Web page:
IF THERE is one aim Deborah Bonham has with her music, it is to pay a fitting tribute to her late brother John, who achieved legendary status as the drummer with rock band Led Zeppelin.
• Deborah Bonham: The singer ignored the advice of her older brother John, by going into the music industry. Picture: Complimentary
John Bonham, aka Bonzo to his acolytes, is regarded by many in the music industry as one of the most accomplished rock drummers of all time, and the Englishman's premature death at the age of 32 – after a heavy drinking bout in 1980 – elevated him to almost god-like status, in chime with fellow hedonistic rock casualties such as Jimi Hendrix, Janis Joplin and Keith Moon.
Deborah Bonham, a singer and songwriter of bluesy rock, remembers well her older brother's warnings that the music industry was no place for a young girl, but after his death, she ignored the advice and launched a career of her own. "John saw the demise of so many people through drink and drugs and, as a big brother who was naturally very protective, he told me not to go into music, so I stuck in at school instead," she says. "But I'm very headstrong and wanted to sing and after he died, I decided that I still wanted to start my own career, and here I am more than 25 years later."
The 47-year-old brings her band to the Fifestock Festival tonight and tomorrow. She played the gig last year and says she loved the intimate setting of the Inn at Lathones, near St Andrews, as did her 83-year-old mother, apparently, who accompanied her on the trip north and took to the stage to give an impromptu rendition of Let It Be and the Led Zeppelin classic Rock and Roll.
"My mum is rather sprightly and even made the front page of the local paper," Bonham says, laughing. Neither her mother or father were musical, however, and Bonham believes Welsh ancestry may cast light on her voice, which has been described by some commentators as touching on the gravely tones of Elkie Brooks and Bonnie Raitt.
As a child, Bonham trained as an opera singer in a convent but says that her two older brothers were the main musical influences as she grew up. "There was always an eclectic mix of music to listen to," she says. "John was 14 years older and my other brother, Michael – who also died young, at the age of 48 – was 12 years older than me. John's music was across the board. He loved Motown, Crosby Stills & Nash, Fleetwood Mac and Joni Mitchell, as well as all the rock stuff. Michael – who was a DJ and photographer who toured with Zeppelin – enjoyed the same kind of stuff, so I grew up on all that and Otis Redding, Aretha Franklin, Hendrix and Janis Joplin."
Bonham's personal inspirations include Maggie Bell, Billie Holiday, Little Feat and Led Zeppelin – the last of these she recalls seeing for the first time at the Birmingham Odeon when she was only eight years old, shortly before her brother's band hit stadium status.
"My dad took me with Michael and there were about 2,500 people there," she says. "I remember looking up at the balcony and everyone was going totally mental. It was electric and I knew then that's what I wanted to do. That gig will always stay with me and I use that concert as a yardstick for everything I do with the band."
The Deborah Bonham Band – which includes her husband Peter Bullick on guitar – will preview songs from a new album due out later this year, as well as tracks from Duchess, which was warmly received by critics on its release in 2008. Bonham admits success has taken a while to consolidate and she is candid enough to admit to making mistakes early in her career.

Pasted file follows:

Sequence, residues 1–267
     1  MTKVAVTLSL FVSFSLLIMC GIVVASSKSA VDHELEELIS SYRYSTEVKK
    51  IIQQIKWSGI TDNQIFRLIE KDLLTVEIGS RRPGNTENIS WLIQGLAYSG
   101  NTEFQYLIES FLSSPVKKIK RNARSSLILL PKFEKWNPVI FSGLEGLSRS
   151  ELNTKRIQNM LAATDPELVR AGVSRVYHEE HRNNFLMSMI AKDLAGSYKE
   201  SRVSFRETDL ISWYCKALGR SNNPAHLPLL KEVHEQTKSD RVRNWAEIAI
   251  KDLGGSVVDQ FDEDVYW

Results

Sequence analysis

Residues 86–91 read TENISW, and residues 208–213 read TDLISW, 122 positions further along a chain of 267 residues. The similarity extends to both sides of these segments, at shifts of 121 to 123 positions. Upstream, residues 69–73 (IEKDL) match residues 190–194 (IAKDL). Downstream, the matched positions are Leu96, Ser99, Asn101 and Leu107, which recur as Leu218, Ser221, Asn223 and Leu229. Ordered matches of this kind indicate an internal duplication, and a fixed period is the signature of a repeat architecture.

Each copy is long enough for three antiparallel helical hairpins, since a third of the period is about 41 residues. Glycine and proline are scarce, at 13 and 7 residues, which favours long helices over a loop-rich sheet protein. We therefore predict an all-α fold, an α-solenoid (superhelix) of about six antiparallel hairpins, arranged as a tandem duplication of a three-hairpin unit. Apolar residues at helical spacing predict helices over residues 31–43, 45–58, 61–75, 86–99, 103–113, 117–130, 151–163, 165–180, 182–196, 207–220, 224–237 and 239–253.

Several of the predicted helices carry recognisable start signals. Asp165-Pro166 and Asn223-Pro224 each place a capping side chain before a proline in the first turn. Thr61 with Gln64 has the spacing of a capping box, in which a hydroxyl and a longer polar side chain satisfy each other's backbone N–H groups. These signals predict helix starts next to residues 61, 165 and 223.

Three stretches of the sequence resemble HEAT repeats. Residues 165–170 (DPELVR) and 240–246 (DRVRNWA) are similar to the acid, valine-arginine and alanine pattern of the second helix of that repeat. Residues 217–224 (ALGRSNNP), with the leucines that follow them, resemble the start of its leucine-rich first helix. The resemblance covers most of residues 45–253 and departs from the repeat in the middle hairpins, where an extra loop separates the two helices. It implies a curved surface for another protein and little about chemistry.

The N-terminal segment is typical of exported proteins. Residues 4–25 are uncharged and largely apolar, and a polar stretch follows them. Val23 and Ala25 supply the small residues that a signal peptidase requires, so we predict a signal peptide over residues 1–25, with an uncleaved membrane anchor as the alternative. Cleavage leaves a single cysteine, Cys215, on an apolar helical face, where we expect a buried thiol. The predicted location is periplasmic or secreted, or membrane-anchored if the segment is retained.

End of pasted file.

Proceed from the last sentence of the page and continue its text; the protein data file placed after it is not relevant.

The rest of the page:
"When I started at age 17, I went to Robert (Plant] and recorded some demos in a barn – with John's son Jason on drums – and then sent them off anonymously. I immediately got offered a record deal, but then it all turned sour," she says.
The contract was with Carerre Records, for whom she recorded the album For You and the Moon. It reached the top five in the NME chart, was DJ Simon Bates' record of the week on BBC Radio One and sold well in Europe, being voted Record of the Year by Musik Mart magazine in Germany. But more commercial success did not follow quickly.
"One of the problems was that I'd grown up around John, and every album they made went straight to number one, so I thought that was the norm and everything was really easy. But, of course, in the music industry, nothing is easy, and I then signed a terrible recording contract that I was stuck with for ten years. They wanted to mould me into this and that, and I just wanted to be myself, so there was not much music made for quite a long time," she says.
Bonham decided instead to learn the machinations of the music industry by working with companies such as BMG and Warner Brothers, where she learned about contracts and the legal side of the business.
"Through doing that, I was then able to read the contracts that I'd signed and I found loopholes and I finally got out," she says. "I've got a manufacturing business and mastering studio and I was able to do my own album and do licensing deals with a great company while helping other musicians."
She describes the Deborah Bonham Band as "family", having been together now for 20 years or so and she feels she has finally proved herself as a musician and singer in her own right.
"I didn't get the silver spoon treatment at any stage and it has not been easy being John's sister, because people instantly have a preconceived idea and you've got to live up to it," she says. "It's never been an easy ride. But I feel I have achieved some success and carried the Bonham name proudly, and that's the most important thing for me."
• The Deborah Bonham Band plays the Fifestock Festival tonight and tomorrow. See www.fifestock.com for more details.